Maryland Gov. Larry Hogan on Wednesday called for his state to initiate legal actions against Pennsylvania, citing the “obvious inadequacy” of its Chesapeake Bay cleanup plan, and against the U.S. Environmental Protection Agency which he said has “no intention” of forcing his northern neighbor to do more.
In a letter to state Attorney General Brian Frosh directing the action, the governor said that Maryland wastewater treatment plants, farmers and municipalities had helped meet the region’s Bay cleanup goals and invested huge sums of money. But, he said, “Pennsylvania and the EPA must hold up their end of the … bargain.”
Pennsylvania last year failed to submit a plan that showed how it would fully achieve, or fund, its Bay cleanup obligations. After its evaluation of the plan, the EPA last month did not announce any new steps to prod the state to take greater action.
“…we have a generational responsibility to protect the Bay, and we simply cannot afford to fall short of these shared obligations,” the Republican governor wrote.
After the region missed previous cleanup goals, the EPA in 2010 established a new cleanup plan called the Chesapeake Bay total maximum daily load, or “pollution diet,” which set limits on the amount of nitrogen and phosphorus that each state sends to the Bay. The nutrients spur algae blooms that cloud its water and fuel oxygen-starved “dead zones.”
Since then, the levels of the water-fouling nutrients have declined — and phosphorus goals likely will be met — but the region remains far off track for nitrogen. While several other states are also behind schedule, none is lagging so badly as the Keystone state, which is also — by far — the largest source of nutrients reaching the Chesapeake.
Under the framework established in the Bay TMDL, the EPA committed to monitoring the progress of individual states and to impose “backstop” actions if they were not on track to meet the 2025 Bay cleanup goal. Those include such things as withholding or redirecting federal grants, revoking the state’s power to issue water discharge permits, and forcing greater and more costly pollution reductions from regulated entities, such as wastewater treatment plants, if largely unregulated sources, such as farm runoff, are falling behind.
Hogan originally directed Frosh to begin exploring legal action last August, but he cited “recent developments” for triggering action now.
First, Pennsylvania last summer completed an updated cleanup plan that achieved only 75% of its nitrogen goal, and it identified an annual funding gap of more than $300 million a year without showing how it would close the shortfall. While the EPA acknowledged those problems in its review of the plan, it declined to take any new backstop actions.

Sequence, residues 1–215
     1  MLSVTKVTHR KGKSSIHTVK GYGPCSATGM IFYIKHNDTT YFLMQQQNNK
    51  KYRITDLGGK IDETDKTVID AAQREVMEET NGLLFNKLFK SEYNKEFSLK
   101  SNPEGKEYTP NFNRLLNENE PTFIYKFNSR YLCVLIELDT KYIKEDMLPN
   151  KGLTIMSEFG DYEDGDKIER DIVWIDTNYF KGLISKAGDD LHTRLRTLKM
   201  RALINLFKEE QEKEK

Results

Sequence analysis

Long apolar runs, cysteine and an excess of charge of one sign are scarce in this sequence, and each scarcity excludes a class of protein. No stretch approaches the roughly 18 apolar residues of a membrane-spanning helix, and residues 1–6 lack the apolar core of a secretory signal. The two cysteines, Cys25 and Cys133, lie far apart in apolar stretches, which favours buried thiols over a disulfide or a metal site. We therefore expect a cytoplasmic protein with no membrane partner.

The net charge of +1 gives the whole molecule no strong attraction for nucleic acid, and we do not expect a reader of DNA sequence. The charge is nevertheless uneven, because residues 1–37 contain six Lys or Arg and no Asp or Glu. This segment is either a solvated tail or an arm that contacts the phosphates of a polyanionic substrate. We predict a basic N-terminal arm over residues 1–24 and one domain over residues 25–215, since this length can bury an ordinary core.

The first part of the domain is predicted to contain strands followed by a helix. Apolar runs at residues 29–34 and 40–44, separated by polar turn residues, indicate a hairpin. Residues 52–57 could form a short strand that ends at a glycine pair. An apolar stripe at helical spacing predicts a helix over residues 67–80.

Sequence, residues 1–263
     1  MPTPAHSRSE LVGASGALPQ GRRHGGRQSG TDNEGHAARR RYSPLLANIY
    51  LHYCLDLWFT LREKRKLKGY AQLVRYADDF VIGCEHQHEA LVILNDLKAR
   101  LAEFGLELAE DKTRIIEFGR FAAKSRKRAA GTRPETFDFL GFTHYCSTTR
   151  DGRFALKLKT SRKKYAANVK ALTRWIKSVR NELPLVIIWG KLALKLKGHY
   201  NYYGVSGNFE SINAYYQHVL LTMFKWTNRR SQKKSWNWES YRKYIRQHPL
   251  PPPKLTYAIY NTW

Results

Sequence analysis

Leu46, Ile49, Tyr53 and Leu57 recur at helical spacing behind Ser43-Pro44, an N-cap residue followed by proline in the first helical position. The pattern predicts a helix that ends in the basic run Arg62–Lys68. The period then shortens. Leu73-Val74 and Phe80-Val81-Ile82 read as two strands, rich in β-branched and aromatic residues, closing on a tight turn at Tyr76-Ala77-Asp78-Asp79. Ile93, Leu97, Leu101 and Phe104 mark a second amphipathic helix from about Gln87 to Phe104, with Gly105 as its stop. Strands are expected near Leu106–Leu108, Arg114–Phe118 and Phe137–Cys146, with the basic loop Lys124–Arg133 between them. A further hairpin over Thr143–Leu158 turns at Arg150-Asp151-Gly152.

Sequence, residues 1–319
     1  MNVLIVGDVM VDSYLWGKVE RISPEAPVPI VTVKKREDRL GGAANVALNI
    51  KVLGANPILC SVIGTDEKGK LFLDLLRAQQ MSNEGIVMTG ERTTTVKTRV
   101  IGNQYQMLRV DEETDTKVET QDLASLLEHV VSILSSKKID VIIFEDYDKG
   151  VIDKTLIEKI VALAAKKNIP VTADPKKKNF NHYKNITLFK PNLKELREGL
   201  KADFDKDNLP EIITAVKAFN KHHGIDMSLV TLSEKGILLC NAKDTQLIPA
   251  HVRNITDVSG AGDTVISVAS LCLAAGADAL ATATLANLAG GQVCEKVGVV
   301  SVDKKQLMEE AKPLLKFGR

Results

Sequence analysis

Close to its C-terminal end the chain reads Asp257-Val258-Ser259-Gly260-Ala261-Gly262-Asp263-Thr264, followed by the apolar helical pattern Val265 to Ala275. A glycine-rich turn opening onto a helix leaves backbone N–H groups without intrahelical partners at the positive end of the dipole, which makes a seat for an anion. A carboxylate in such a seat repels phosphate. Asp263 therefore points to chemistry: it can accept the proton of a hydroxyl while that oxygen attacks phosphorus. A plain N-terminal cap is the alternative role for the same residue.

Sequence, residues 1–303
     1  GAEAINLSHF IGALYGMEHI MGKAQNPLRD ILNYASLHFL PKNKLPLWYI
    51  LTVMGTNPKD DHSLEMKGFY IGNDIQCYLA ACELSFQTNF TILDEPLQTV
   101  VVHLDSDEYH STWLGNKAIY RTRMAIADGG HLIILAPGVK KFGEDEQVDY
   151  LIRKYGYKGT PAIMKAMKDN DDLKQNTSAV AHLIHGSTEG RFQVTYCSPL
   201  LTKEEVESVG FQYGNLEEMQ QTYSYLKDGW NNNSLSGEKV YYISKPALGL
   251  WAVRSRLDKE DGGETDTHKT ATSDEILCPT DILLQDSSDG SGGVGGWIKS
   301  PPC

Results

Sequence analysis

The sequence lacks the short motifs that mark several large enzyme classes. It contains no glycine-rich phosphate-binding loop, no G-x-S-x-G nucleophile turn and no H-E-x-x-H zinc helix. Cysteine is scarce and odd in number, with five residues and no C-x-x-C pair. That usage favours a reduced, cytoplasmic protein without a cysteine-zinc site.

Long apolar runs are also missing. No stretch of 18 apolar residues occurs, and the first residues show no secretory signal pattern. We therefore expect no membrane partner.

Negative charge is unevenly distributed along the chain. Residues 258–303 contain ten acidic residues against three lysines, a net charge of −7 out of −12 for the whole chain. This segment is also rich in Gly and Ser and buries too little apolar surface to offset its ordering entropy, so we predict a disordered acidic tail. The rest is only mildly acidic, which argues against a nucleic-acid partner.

Then, at a meeting of the Chesapeake Bay Commission last Friday, Dana Aunkst, the director of the EPA’s Bay Program Office, described the region’s 2025 cleanup deadline as “aspirational” and said that the Chesapeake Bay Total Maximum Daily Load is “not an enforceable document.”
While a TMDL is not strictly enforceable itself, regulatory actions — such as all discharge permits — are required to be consistent with a TMDL.
The environmental community widely saw Aunkst’s comments as stepping away from the EPA’s commitment to backstop Bay goals, even as their frustration over Pennsylvania was mounting.
The Choose Clean Water Coalition, a network of more than 200 organizations, said it was “stunned” by the remarks, and the Maryland League of Conservation Voters called it a “profoundly sad and disappointing moment in Bay history.”
EPA Region III issued a follow up statement insisting that it “remains steadfast in its commitment to helping our partners implement the Chesapeake Bay TMDL to ensure the Bay and local waters are protected and restored.”
Hogan’s move toward legal action was praised by Will Baker, president of the Chesapeake Bay Foundation, who said the Bay cleanup plan “requires all states in the watershed to do their part and EPA to hold them accountable. So far, Pennsylvania’s elected officials have not made the investments needed to meet their clean water commitments. And EPA’s failure to impose consequences puts the entire cleanup at risk.”
The environmental group is considering its own legal options to address Pennsylvania’s shortfall.
Earlier on Wednesday, Sen. Chris Van Hollen, D-MD, said at a hearing of the Senate Environment and Public Works Committee in Washington that the situation was reaching a “boiling point” and that he was crafting a letter to EPA Administrator Andrew Wheeler about the Bay issue.
In Pennsylvania, meanwhile, state Department of Environment Secretary Patrick McDonnell insisted after a Wednesday legislative briefing on the Bay that the state remains committed to the 2025 goal.
“We’re still members of the partnership and we are still moving ahead to achieve the 2025 goal,” he said, though he added “it will depend on some of the funding.”
The state’s Republican-controlled General Assembly has been cutting environment funding, including money for the Bay, for more than a decade. “We think we have a really credible plan but we will need some additional resources,” McDonnell said.
Bay Journal staff writer Ad Crable contributed to this report.